Macron’s Taiwan Comments Poorly Timed but do Raise The Big Question

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French President Emmanuel Macron seems to become something of a fanboy whenever he joins certain major world leaders on the international stage.

He met with President Vladimir Putin just two weeks before Russia invaded Ukraine in February last year and spoke of addressing “the mistakes of the past”, even suggesting that the West bore some responsibility for allowing the relationship between the Soviet socialist republics to sour so badly. He also said Putin would not escalate the crisis.

In his latest realpolitik foray, Macron returned from meeting Chinese President Xi Jinping last week and argued that Europe should reduce its dependency on the United States and avoid getting involved in any conflict between Washington and Beijing over Taiwan. “The question asked of us Europeans is the following: is it in our interest for there to be acceleration on the topic of Taiwan? No. The worst thing we Europeans could do would be to be followers on this topic and to adapt to the American rhythm and a Chinese overreaction. Why should we go at a rhythm chosen by someone else?” Macron said.

He may be simply pushing the French and European preference for “strategic autonomy”, a term used to refer to the bloc maintaining an independent foreign policy line primarily from the US – and a concept unsurprisingly backed by Beijing. Either way, Macron’s apparent washing his hands of Taiwan has created dismay and anger across Europe and in the US, not least because it has the potential to undermine Western unity on Ukraine by boosting the perception that Western liberal democracies are divided on the issue. Macron may be the most influential leader in Europe but, as his misreading of Russia’s intention last year to invade Ukraine shows, his foreign policy sometimes misses the mark, a consequence perhaps of being often tripped by a French intelligence service which historically has earned a woeful reputation.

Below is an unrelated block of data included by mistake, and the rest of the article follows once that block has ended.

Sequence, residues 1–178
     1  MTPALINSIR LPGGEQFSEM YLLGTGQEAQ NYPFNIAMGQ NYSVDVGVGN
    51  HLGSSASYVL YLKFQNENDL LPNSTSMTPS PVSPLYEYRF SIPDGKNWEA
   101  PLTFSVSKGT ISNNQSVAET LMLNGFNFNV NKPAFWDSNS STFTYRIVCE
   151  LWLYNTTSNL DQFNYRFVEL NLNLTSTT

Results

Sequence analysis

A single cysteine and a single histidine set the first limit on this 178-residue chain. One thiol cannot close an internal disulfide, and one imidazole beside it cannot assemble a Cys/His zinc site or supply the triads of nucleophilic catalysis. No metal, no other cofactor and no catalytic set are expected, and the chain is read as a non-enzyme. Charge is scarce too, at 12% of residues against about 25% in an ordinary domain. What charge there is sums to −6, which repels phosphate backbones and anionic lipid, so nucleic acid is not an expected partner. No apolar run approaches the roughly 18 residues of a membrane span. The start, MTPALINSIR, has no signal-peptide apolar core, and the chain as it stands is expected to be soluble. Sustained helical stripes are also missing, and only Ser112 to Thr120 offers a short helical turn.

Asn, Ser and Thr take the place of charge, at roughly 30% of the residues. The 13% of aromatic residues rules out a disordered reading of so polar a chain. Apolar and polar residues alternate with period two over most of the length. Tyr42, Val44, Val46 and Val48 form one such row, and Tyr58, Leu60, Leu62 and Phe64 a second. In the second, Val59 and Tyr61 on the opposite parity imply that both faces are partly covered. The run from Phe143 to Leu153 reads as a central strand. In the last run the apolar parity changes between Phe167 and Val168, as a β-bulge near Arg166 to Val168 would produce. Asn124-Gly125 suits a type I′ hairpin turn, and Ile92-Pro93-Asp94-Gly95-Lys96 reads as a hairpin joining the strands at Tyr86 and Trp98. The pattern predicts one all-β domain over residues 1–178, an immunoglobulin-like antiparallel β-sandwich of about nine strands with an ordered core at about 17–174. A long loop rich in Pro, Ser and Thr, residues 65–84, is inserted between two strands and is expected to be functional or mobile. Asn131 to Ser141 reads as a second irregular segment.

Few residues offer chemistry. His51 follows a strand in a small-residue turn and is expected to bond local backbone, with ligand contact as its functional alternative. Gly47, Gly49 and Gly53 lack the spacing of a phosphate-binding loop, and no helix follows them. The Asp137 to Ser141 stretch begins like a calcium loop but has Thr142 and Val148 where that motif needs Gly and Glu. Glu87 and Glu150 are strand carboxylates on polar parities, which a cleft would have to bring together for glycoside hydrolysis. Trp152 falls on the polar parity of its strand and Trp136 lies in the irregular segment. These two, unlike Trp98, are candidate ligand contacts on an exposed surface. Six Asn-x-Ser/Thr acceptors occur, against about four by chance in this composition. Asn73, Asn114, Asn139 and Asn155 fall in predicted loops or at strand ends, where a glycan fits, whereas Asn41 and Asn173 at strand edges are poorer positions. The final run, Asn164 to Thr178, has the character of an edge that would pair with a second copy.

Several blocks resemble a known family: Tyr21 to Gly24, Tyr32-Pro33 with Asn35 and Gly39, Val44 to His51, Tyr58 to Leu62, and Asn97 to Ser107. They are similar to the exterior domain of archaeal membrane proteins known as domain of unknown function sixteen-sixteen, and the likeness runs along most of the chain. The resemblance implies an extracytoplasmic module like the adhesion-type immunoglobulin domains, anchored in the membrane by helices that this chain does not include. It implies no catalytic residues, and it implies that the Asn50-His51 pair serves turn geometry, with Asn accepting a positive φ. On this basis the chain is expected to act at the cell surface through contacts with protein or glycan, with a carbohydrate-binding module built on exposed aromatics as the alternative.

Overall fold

Macron’s comments on Taiwan are clumsy, ill-timed and naive. Further, he risks looking suckered by his hosts. Macron went to China to drum up business for French companies and was accompanied by European Commission president Ursula von der Leyen and other officials who were grandly feted by Chinese authorities and swarmed by Chinese citizens in a stage-managed show of friendship. In stark contrast to Macron’s reconciliatory comments, von der Leyen told reporters that security in the Taiwan Strait was of “paramount importance” and that the threat of force to change the status quo was “unacceptable”. Hours after their plane cleared Chinese airspace, Beijing, supposedly angered by a meeting between Taiwan President Tsai Ing-wen and US House Speaker Kevin McCarthy, sent dozens of planes across the Taiwan Strait median line and then announced “combat readiness patrols” and exercises around the island.

With China escalating its rhetoric and following up bullying words with threatening deeds, Macron has sanctioned Beijing’s actions with the timing of his comments. However, he has also inadvertently raised the big question that nobody is really asking: what to do if China invades Taiwan?

The answer to that question is far from clear.

Many countries adopt a “strategic ambiguity” position on the defence of Taiwan – meaning it is intentionally left unclear whether they will defend Taiwan if China invades. While some suggest Macron’s comments are a vindication of Australia’s decision to tear up the contract for French-made submarines, the decision to hitch our wagon to the US and UK, rather than European partners, via AUKUS, now seems to be a shrewd move, albeit a clumsily executed one.

Source: The Sydney Morning Herald